“We’re not just here to leave the European Union but to try and fundamentally change the shape of British politics, bring it into the 21st century and get a parliament that better reflects the country,” he said.

So Farage really is going to shake things up then?

Steady on, not so fast. Farage can talk the talk but how far he gets on either of these is far from assured.

Firstly, it is highly unlikely – no, near-impossible – that the Brexit Party will have any say in Brexit negotiations. 

Tim Bale, politics professor at the Queen Mary University of London, told HuffPost UK last week: “It is a complete and utter non-starter. It will be frankly unconstitutional for a party with no MPs and not in government to be involved in a state to state negotiation.

“But it’s an effective soundbite.”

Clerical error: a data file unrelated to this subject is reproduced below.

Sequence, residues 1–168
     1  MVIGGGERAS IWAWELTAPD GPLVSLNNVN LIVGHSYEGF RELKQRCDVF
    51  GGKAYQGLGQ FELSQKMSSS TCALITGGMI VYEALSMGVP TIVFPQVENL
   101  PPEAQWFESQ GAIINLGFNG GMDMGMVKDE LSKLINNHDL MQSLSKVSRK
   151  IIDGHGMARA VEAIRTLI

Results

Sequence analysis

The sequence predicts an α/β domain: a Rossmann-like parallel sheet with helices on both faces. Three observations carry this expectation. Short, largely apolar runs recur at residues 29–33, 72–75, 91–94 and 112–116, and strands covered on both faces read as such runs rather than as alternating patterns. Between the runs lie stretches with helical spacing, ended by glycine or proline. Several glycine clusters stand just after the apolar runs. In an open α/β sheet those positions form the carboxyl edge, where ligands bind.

Then there’s the fact there currently aren’t any negotiations. So that’s that then.

And on the General Election front, Farage has a terrible record having tried and failed to become an MP no less than seven times.

“The prospect of Farage becoming prime minister is extremely unlikely. Never say never but to turn what is effectively a protest vehicle into an all-singing, all-dancing party that people feel is ready for government is a very difficult thing to do,” says Professor Bale.

The thing is, Farage has broad appeal in the binary contest of Brexit or no Brexit and his party only has one policy – leaving the EU without a deal.

But on other issues he is way wide of the mainstream.

The Brexit Party has said it does not plan to publish a manifesto until after the European election but the Led By Donkeys campaign has helpfully been reminding the British public about where Farage stands on issues such as the NHS.

OK, so Farage won but it’s not going to have any effect on anything substantive?

Not quite. Where the European election results will have the biggest effect on British politics is in how Labour and the Conservatives react.

Remember, this was a protest vote, primarily against those two parties.